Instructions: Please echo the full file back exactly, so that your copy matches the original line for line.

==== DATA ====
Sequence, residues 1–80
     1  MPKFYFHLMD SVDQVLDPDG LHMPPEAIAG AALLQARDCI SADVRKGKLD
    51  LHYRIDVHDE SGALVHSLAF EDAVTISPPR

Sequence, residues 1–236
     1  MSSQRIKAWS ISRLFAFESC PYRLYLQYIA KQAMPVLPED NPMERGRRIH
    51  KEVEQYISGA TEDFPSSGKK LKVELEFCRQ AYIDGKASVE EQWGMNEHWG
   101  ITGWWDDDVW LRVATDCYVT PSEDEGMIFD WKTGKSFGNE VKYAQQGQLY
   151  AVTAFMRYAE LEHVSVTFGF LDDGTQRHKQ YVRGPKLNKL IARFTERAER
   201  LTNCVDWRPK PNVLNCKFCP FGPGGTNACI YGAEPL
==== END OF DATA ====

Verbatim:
Sequence, residues 1–80
     1  MPKFYFHLMD SVDQVLDPDG LHMPPEAIAG AALLQARDCI SADVRKGKLD
    51  LHYRIDVHDE SGALVHSLAF EDAVTISPPR

Sequence, residues 1–236
     1  MSSQRIKAWS ISRLFAFESC PYRLYLQYIA KQAMPVLPED NPMERGRRIH
    51  KEVEQYISGA TEDFPSSGKK LKVELEFCRQ AYIDGKASVE EQWGMNEHWG
   101  ITGWWDDDVW LRVATDCYVT PSEDEGMIFD WKTGKSFGNE VKYAQQGQLY
   151  AVTAFMRYAE LEHVSVTFGF LDDGTQRHKQ YVRGPKLNKL IARFTERAER
   201  LTNCVDWRPK PNVLNCKFCP FGPGGTNACI YGAEPL